Because of the long term plans I have a super chief and 2 reversing boosters. I also bought the CTI train brain starter set and a couple expansion cards. Eventually they’ll end up on a more elaborate layout. I also got a little carried away and bought 9 locomotives and installed decoders in them and have enough rolling stock to cover the entire track on this little layout.
    I used anyrail to produce the layout above and then imported the picture into AutoCad and did an Acad drawing of the layout, this enabled me to print the layout on a piece of paper and then use it to transfer my riser layout to the plywood by making dots along the lines with a sharpie.






    Here was my first obvious mistake, I definitely did not needto raise the entire area 2”. ” would have been plenty. That decision was partly a mistake and partly because I bought a bunch of 2” risers when I was planning the door sized layout and decided I did not want to buy more for a smaller layout so I just used what I had. Here’s how it looked after I glued the risers and inclines down.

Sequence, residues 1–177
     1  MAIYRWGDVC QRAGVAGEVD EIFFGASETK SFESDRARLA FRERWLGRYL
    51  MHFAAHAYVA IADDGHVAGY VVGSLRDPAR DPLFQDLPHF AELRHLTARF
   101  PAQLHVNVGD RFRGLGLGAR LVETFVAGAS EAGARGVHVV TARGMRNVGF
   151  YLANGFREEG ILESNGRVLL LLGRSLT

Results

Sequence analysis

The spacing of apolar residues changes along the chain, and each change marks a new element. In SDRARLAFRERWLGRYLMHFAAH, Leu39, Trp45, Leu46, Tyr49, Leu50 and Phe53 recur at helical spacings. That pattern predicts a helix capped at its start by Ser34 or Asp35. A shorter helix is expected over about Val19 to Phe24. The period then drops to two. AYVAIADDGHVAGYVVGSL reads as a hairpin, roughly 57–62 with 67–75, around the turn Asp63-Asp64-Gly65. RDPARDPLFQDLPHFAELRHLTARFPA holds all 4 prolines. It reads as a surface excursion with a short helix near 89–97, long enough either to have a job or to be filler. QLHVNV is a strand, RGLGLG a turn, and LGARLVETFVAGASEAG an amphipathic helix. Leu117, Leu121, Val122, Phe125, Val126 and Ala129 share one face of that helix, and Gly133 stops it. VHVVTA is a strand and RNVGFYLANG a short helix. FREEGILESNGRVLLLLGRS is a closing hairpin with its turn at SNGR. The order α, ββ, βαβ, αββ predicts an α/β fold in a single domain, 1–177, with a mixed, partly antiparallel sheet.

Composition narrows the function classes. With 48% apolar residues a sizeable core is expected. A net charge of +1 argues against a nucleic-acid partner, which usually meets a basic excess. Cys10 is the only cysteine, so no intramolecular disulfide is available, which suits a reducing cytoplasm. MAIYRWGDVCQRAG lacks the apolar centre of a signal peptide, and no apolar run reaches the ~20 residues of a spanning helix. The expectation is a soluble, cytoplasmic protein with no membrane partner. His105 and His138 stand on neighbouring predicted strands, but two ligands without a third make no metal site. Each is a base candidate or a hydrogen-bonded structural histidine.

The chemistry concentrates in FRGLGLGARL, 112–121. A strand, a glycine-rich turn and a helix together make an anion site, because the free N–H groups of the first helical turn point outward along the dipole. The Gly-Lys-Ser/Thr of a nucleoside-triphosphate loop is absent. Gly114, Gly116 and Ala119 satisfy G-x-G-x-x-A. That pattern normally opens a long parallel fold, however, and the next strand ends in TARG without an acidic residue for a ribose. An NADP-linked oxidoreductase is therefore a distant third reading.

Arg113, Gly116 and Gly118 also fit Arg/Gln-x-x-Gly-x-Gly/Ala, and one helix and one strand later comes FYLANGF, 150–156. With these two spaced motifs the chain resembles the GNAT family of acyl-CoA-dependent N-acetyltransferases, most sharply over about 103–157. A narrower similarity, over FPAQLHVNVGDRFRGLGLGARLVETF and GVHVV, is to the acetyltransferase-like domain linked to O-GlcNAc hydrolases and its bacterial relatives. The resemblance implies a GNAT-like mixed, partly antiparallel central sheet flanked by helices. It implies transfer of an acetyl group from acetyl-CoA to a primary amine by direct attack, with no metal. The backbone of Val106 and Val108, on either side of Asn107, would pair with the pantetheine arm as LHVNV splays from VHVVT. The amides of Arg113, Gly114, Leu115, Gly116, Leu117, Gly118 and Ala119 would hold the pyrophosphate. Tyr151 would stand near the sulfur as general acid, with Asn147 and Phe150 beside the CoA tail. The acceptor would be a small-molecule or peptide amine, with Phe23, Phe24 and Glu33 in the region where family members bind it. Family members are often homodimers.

The incline is a 3% grade, that’s the only way I could get over the other track in such a short area. The guy at the local hobby shop about had a heart attack when I told him I wanted a 3% incline set. He reacted so harsh I went home without it and setup a test section at 3%. All nine of my locos will pull 10 cars up a 3%. Point being, check your locos before believing they won’t pull more than a 2% grade.

    Next thing I did was add profile boards and cut and fit my tunnel entrances and bridge abutments. Then I added the wall by the upper tunnel and plastered the roadway in the tunnels.